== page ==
Duluth becomes first city in Minnesota to establish Homeless Bill of Rights


Duluth made history Monday night by becoming the first city in Minnesota to establish a Homeless Bill of Rights, the Duluth News Tribune reports.

Advocates began pushing for the measure following the deaths of 29 homeless people in Duluth in 2013. Members of Loaves and Fishes – the group that started the petition for the bill – gathered on the steps of Duluth City Hall on Christmas Eve to draw attention to the deaths and make a call for change.

The resolution to establish the bill Monday night was passed unanimously by the Duluth City Council. It directs the Duluth Human Rights Commission to examine homeless issues and recommend ways the city can respond to homeless people's needs.

The petition for the bill called for a commission in order to end hunger, homelessness and poverty – but it also asked for more affordable housing, the end of discrimination against the homeless, and a public policy declaring that homelessness is not a crime, WDIO reports.

"What we want is a little human dignity," a former homeless man living at the Loaves and Fishes house told the station.

Duluth City Councilor Sharla Gardner, who introduced the measure, said the passage of the Homeless Bill of Rights is "more than a symbolic statement," and is a "call to action."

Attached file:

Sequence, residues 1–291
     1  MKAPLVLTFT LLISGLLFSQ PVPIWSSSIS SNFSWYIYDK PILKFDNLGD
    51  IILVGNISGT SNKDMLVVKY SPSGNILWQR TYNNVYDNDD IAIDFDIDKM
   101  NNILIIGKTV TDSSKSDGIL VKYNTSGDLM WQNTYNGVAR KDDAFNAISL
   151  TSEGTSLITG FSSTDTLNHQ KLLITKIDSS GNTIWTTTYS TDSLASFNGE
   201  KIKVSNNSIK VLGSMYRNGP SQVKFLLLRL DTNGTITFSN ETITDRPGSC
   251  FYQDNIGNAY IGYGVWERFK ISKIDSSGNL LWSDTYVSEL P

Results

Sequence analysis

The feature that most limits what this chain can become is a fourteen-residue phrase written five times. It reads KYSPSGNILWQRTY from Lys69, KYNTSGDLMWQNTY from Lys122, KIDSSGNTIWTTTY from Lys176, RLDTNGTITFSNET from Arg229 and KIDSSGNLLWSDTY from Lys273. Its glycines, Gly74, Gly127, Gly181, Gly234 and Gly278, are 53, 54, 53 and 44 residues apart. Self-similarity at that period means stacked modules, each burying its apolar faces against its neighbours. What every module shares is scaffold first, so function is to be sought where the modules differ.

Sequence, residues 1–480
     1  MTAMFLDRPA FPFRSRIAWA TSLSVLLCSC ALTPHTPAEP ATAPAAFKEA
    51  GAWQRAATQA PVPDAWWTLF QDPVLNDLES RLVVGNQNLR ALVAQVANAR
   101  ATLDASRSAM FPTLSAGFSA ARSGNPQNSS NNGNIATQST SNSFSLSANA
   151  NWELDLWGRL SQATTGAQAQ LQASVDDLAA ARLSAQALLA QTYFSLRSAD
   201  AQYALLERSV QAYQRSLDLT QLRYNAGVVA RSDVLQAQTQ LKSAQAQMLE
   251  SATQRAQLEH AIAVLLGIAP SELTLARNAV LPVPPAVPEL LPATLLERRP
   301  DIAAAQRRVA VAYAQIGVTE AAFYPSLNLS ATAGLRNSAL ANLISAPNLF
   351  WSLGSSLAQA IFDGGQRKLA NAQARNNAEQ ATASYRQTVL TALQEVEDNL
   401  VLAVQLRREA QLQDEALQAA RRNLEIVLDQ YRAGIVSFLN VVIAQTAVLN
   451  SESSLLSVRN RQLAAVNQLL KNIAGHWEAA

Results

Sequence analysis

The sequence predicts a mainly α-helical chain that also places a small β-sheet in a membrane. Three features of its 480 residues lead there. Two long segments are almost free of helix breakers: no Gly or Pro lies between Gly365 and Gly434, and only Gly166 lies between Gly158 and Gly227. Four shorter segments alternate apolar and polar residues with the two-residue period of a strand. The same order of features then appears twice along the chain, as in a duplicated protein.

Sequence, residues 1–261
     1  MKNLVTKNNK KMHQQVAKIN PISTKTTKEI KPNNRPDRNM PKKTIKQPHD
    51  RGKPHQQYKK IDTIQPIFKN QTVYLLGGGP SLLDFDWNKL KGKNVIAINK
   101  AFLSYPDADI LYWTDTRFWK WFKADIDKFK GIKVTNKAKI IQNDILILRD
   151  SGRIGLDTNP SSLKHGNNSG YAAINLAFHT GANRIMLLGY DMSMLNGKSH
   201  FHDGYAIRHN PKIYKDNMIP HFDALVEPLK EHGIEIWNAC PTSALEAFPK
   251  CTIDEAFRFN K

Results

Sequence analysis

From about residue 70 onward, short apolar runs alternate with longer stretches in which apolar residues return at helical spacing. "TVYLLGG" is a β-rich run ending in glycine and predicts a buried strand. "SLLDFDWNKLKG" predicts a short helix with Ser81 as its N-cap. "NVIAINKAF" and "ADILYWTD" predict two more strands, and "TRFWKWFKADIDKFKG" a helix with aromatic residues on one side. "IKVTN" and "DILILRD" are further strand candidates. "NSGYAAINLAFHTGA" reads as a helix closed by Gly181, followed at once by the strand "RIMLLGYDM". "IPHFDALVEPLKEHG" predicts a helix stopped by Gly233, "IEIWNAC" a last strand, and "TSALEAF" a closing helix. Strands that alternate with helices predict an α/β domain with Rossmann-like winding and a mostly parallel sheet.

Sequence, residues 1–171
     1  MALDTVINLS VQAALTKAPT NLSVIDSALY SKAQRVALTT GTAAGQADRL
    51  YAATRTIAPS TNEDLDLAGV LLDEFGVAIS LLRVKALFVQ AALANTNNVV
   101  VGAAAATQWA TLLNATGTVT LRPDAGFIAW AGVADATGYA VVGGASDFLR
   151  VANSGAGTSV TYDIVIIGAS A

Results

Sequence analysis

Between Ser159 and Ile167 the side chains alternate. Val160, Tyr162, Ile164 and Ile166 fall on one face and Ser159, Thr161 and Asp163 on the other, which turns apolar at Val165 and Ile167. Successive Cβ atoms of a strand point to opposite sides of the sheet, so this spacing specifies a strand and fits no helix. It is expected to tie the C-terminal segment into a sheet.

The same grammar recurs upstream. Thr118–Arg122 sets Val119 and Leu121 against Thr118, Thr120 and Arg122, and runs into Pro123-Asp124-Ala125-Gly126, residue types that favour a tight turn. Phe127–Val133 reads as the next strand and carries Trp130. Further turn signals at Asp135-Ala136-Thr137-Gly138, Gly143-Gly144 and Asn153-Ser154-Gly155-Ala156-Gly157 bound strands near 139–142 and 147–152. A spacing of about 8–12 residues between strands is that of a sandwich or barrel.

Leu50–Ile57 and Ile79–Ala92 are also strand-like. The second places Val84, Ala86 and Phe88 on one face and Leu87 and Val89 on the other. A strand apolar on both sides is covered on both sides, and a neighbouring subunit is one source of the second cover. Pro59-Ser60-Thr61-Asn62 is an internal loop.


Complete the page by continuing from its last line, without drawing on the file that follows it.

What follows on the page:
Lee Stuart, the operator of the largest homeless shelter in Duluth, told the Duluth News Tribune that the bill is not a permanent solution, but a good start.

"Will this end homelessness? No," Stuart told the paper. "But if it calls us to a deeper conversation about how we want to care for those who are most vulnerable among us, it’s good."

Gardner says six vacancies need to be filled on the Duluth Human Rights Commission, and whoever is appointed will mostly focus on the Homeless Bill of Rights.

She says the appointees will include advocates for the homeless, as well as experts on affordable housing, WDIO says.

Similar measures are being considered throughout the country, but are not being as readily embraced as Duluth's Homeless Bill of Rights.

The Los Angeles Times said in an editorial that California's Homeless Person's Bill of Rights and Fairness Act, proposed by a San Francisco state Assembly member, has been met with controversy because it "would guarantee the homeless the right to live in public much as other people do in their homes."

The bill would permit "life-sustaining activities that must be carried out in public spaces because of homelessness," allowing homeless people to eat, urinate and collect trash to recycle in public. The bill also prevents homeless people from being forced into shelters.

In addition, the Times says, the bill also mandates that public restrooms be available to the homeless around the clock, and protects the "basic human right" to panhandle.

In New Hampshire, however, the state's new Homeless Bill of Rights is being lauded as a national model for protecting homeless people from discrimination, The Associated Press reports.

According to the AP, the law "prohibits governments, police, healthcare workers, landlords or employers from treating homeless people unfairly because of their housing status."

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